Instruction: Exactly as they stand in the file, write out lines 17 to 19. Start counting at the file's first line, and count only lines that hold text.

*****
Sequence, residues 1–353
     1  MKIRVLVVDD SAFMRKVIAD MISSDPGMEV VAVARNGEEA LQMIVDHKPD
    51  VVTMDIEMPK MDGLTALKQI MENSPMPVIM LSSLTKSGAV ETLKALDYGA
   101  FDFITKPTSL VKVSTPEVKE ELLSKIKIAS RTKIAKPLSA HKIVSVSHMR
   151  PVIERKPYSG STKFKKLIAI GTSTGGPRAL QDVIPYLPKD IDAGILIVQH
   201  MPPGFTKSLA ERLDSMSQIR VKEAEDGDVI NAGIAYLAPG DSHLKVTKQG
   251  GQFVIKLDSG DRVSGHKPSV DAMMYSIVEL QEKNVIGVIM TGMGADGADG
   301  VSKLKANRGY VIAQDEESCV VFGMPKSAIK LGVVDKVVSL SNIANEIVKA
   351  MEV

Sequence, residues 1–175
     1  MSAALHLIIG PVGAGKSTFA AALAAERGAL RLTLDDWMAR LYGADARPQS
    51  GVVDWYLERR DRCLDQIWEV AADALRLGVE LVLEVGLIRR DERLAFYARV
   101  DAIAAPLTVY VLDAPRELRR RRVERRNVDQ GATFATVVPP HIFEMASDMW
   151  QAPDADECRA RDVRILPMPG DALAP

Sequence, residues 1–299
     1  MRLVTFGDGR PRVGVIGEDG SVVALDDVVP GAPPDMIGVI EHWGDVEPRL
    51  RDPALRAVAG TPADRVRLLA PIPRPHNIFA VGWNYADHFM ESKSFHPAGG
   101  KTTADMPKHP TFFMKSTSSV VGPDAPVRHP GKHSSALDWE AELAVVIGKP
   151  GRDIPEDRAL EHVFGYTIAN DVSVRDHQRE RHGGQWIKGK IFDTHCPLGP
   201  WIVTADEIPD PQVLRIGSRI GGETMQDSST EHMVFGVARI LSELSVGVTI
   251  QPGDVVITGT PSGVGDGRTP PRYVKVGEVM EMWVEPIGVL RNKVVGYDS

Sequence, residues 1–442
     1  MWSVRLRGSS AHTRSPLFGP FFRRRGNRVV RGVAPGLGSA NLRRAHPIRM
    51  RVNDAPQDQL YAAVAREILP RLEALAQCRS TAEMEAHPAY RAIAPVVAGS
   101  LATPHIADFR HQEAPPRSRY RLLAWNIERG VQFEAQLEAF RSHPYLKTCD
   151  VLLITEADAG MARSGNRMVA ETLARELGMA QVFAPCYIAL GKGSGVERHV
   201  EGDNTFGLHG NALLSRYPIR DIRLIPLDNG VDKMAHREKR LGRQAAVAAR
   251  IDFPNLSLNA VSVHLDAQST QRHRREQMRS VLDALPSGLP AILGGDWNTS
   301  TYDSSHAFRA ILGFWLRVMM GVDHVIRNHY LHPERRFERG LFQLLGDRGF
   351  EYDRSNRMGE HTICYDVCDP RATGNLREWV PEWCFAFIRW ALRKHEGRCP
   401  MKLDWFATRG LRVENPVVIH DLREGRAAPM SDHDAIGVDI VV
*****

    51  RDPALRAVAG TPADRVRLLA PIPRPHNIFA VGWNYADHFM ESKSFHPAGG
   101  KTTADMPKHP TFFMKSTSSV VGPDAPVRHP GKHSSALDWE AELAVVIGKP
   151  GRDIPEDRAL EHVFGYTIAN DVSVRDHQRE RHGGQWIKGK IFDTHCPLGP